Another quibble with the elongated footprint of the OnePlus 7 Pro is the button placement. The trademark Alert Slider, which lets you cycle through Silent, Vibrate-Only and Ring modes without delving into the settings menu, makes a very welcome return. But it has been placed exactly where your thumb naturally falls on the side of the device, meaning we found ourselves constantly and fruitlessly pressing it in an attempt to wake the device. OnePlus has placed the sleep/wake button below it, which for our money, doesn't feel anywhere near as natural.
The small teardrop-like notch seen on the OnePlus 6T has also been sacrificed at the expense of the all-screen design. Instead, the f/2.0 16MP selfie camera has been relocated to a mechanised pop-up that rises from the chassis. According to OnePlus, there's no need to fret about durability as the pop-up will automatically withdraw back into the phone whenever it detects that it's falling. We tested it a few times, and it worked like a treat. Pushing on the pop-up also triggered the motor to retract the drawer – and surfaces a scolding message not to manually push on it on the screen.
OnePlus says it rates the mechanism for at least 300,000 return journeys out of the chassis. That equates raising the selfie camera 150 times a day for three years, which is a lot of selfies. However, if you want to use the unbelievably fast Face Unlock feature that OnePlus includes with its handsets, then that could be used much faster. Research shows that the most smartphone-dependent amongst us can pick-up and unlock their devices thousands of times every day.
If that sounds like you, it might be worth avoiding Face Unlock or you could find yourself burning through your 300,000 selfie camera pop-ups much faster than three years. Even if you're the sort of person who doesn't hold onto a phone for more than two years, it could still negatively impact the re-sale value.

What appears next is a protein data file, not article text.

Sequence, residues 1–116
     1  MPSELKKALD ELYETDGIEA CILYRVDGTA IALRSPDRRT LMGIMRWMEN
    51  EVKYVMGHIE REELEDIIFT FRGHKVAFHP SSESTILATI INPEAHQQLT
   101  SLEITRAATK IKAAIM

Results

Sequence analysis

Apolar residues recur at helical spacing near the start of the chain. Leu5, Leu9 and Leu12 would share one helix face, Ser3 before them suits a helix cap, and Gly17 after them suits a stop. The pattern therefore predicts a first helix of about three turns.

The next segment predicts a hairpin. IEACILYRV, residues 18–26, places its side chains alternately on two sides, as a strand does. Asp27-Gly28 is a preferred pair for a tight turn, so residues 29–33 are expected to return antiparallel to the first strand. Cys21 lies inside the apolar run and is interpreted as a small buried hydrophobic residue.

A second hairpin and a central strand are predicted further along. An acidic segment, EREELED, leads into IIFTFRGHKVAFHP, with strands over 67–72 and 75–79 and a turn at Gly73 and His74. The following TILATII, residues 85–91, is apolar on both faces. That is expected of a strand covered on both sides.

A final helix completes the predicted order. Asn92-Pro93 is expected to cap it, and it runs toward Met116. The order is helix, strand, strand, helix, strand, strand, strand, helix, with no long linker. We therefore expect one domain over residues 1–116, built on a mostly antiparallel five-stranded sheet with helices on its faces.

There's no getting around it, the selfie camera drawer is a really inelegant solution. It looks weird, not least because it's slightly off-centre at the top of the device and it makes an infuriating wrrizzz noise every time that it emerges. We definitely got more than our fair share of odd glances on public transport as the pop-up noisily hoiked itself out of the phone, like a bit of spy apparatus from The Naked Gun.
If you're not a fan of waiting the 0.53 seconds for the camera to emerge and unlock when it spots your face, the OnePlus 7 Pro also has a fingerprint scanner embedded beneath the AMOLED screen. The sensor is 36% bigger than the one included with the OnePlus 6T, which should make for faster and more accurate unlocks. According to OnePlus, the scanner can now unlock in 0.24 seconds.
In our experience, it feels even faster than that. With the OnePlus 7 Pro, it seems in-display fingerprint scanners have finally matched their physical counterparts in terms of speed and accuracy. Remember, this is still an optical sensor, which means it uses light to illuminate your fingertip to check the print – so don't expect to be able to use it in heavy rainfall, like the ultrasonic variant included in the Samsung Galaxy S10 and Galaxy S10 Plus. It also means that if your fingertip isn't completely covering the portion of the screen used to check the print first thing in the morning your room will be illuminated by a glaring flash of radioactive-green light. Not ideal.
Finally, although OnePlus 7 Pro does boast some water and dust resistance, it doesn't have an IP Rating. That's because getting the handset officially certified costs money and OnePlus says it prefers to conduct its own internal tests and pass the savings onto you. Call us old fashioned, but we'd much rather pay a little more and be safe in the knowledge that our handset has passed a standardised, industry-recognised test. Would you buy a car from a manufacturer that said it saved money by forgoing any official certification but the airbags definitely deployed in its own internal tests?
OnePlus 7 Pro review: Camera